Days after the latest Russian-Turkish Summit on January 23 in Moscow, the Syrian foreign ministry issued a statement saying that it would still be committed to Adana if the border situation with Turkey was returned to its pre-2011 status. In other words, Damascus would commit to cleansing the border area from any Kurdish militant presence—just like it did in 1998—if and when Erdogan withdrew from all towns and cities his forces have occupied over the past three years, the last being Afrin, west of the Euphrates River.

Syria’s position stands on two cruxes, Amer Elias, a Damascus-based political analyst and member of the ruling Baath Party, told Asia Times: 

“First being withdrawal of the Turks from all Syrian territory, especially the triangle of Marea (25 km north of Aleppo), Azaz (32 km northwest of Aleppo), and al-Bab, (40 km northeast of Aleppo), in addition to Afrin. Turkey would also be required to suspend all support for military groups that are fighting the Syrian state.”

Only when that happens, he said, would security cooperation return to its pre-2011 level. Ankara, Elias says, is more in a hurry to do that than Damascus due to the perceived Kurdish threat on its borders with Syria. 

The Adana Agreement previously gave Turkey the right to go after Kurdish militias up to a distance of five kilometers (3 miles) into Syrian territory. This would be done, its text states, only in coordination with Syrian authorities, when and if they fail to eradicate the militant presence on their side of the border.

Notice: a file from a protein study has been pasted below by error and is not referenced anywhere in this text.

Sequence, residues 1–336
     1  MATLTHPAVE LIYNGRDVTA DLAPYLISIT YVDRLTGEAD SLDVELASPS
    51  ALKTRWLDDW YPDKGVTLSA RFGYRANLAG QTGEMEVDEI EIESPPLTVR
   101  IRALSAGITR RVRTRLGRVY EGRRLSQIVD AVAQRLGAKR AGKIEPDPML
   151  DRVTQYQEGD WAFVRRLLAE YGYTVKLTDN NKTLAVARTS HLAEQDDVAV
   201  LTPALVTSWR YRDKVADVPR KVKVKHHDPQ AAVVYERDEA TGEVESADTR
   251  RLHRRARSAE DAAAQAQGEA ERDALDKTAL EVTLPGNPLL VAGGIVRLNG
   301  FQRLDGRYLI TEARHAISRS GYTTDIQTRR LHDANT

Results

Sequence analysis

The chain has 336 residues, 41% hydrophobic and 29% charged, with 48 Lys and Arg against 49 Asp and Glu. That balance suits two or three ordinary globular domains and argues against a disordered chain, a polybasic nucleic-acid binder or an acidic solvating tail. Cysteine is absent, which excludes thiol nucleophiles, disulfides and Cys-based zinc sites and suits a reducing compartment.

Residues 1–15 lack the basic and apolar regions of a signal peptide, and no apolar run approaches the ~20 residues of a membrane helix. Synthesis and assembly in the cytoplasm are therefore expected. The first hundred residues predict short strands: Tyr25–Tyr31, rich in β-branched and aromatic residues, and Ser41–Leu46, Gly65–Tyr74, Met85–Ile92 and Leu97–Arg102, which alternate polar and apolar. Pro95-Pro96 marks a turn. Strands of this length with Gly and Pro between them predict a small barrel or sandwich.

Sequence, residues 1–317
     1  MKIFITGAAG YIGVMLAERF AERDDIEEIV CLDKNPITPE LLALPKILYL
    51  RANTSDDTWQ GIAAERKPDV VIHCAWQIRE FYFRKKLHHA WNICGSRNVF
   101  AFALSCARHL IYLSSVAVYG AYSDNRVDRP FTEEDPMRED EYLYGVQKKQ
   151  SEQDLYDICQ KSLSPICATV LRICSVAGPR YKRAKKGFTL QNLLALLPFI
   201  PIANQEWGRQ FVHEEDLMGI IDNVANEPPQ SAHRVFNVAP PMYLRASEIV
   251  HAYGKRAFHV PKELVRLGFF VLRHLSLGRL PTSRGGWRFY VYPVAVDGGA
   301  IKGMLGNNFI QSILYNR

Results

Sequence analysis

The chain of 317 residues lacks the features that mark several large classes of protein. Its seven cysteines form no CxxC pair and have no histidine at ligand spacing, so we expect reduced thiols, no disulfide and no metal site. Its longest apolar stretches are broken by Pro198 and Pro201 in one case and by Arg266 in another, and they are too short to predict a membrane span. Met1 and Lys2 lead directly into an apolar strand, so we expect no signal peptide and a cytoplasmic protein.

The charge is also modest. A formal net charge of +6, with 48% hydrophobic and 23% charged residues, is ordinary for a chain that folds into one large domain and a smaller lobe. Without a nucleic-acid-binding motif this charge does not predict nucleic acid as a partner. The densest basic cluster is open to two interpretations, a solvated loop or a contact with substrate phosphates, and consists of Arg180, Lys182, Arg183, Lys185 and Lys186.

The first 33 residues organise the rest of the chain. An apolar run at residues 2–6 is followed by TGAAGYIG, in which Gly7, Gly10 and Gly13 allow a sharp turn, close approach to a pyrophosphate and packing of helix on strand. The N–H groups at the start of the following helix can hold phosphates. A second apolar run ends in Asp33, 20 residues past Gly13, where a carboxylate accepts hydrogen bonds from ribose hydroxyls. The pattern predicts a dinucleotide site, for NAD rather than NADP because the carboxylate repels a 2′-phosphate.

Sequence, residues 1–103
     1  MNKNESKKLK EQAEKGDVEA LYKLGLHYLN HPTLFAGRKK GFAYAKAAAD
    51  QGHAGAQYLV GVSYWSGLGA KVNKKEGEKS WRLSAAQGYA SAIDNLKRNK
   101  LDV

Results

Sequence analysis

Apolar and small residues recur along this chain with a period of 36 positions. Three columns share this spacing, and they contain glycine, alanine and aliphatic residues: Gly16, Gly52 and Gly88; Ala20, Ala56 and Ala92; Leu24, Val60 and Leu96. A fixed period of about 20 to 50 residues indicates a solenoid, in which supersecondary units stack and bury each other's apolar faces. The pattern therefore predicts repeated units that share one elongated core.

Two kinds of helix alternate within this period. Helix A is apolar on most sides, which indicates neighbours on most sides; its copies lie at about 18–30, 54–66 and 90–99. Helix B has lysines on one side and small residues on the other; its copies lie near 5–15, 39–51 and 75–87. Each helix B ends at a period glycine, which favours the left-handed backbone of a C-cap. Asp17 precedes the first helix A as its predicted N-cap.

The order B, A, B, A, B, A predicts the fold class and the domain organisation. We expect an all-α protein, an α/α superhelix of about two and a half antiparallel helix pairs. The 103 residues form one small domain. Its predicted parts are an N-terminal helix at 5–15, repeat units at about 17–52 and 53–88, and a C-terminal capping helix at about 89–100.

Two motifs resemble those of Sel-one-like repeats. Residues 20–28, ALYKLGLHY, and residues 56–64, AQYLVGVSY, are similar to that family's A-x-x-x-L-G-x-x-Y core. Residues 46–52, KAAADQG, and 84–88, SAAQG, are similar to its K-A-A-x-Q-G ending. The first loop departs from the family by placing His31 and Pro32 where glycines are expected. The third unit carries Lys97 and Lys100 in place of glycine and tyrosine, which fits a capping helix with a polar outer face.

Five kilometers is a fraction of what Erdogan had originally dreamt of achieving—a safe zone 32 kilometers deep and 460 km wide, running across half the length of the Syrian-Turkish border. The Turkish leader seems to have accepted this concession so long as the Russians guarantee that the Syrians will abide by their share of the agreement, eliminating the Kurdish militant presence throughout the area.

The agreement gives Erdogan the right to round up Kurdish militants on Syrian soil, but not to set up permanent bases nor to march any further into the Syrian inland. It says he can enter but cannot stay in Syria. It also recognizes Syrian sovereignty over the entire border strip, including towns like Jarablus and Azaz, which have been under Turkish occupation since 2016.